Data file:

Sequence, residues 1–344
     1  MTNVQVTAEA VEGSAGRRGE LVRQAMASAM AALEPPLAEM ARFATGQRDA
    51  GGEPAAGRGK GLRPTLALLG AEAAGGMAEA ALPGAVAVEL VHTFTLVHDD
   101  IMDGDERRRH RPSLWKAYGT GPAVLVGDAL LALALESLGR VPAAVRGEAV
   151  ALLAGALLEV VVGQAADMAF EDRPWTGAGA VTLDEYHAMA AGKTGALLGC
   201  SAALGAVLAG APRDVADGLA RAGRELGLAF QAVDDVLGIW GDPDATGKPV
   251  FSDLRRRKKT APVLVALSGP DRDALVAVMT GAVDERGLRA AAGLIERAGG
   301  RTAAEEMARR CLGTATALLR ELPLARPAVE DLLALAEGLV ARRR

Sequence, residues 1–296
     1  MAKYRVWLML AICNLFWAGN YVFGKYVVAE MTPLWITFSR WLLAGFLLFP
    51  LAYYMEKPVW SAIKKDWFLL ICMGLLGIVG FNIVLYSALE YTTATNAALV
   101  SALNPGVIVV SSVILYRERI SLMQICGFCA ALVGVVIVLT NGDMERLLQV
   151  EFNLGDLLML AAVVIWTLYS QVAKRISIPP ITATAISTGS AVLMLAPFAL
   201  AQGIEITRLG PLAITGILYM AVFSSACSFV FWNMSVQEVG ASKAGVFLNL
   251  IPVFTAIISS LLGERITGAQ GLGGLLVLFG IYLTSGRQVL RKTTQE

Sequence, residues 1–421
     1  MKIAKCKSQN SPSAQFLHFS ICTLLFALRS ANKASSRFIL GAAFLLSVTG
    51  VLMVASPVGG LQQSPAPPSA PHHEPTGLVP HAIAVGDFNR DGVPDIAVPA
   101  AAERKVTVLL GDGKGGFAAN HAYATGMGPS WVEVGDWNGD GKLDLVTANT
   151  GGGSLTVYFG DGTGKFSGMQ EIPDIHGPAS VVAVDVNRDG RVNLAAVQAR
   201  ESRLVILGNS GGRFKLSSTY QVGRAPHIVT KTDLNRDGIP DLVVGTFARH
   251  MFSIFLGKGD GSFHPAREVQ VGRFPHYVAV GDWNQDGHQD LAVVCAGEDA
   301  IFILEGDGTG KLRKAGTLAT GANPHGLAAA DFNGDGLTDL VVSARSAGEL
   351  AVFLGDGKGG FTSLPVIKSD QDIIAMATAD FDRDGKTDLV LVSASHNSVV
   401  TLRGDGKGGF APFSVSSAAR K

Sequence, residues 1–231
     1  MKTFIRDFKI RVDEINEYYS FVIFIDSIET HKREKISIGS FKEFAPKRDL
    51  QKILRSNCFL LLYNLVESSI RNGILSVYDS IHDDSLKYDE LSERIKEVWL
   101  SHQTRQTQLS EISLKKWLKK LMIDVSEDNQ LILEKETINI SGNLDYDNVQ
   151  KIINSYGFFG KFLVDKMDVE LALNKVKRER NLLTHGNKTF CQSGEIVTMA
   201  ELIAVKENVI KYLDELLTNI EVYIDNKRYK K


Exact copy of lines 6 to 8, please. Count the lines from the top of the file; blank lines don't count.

   201  SAALGAVLAG APRDVADGLA RAGRELGLAF QAVDDVLGIW GDPDATGKPV
   251  FSDLRRRKKT APVLVALSGP DRDALVAVMT GAVDERGLRA AAGLIERAGG
   301  RTAAEEMARR CLGTATALLR ELPLARPAVE DLLALAEGLV ARRR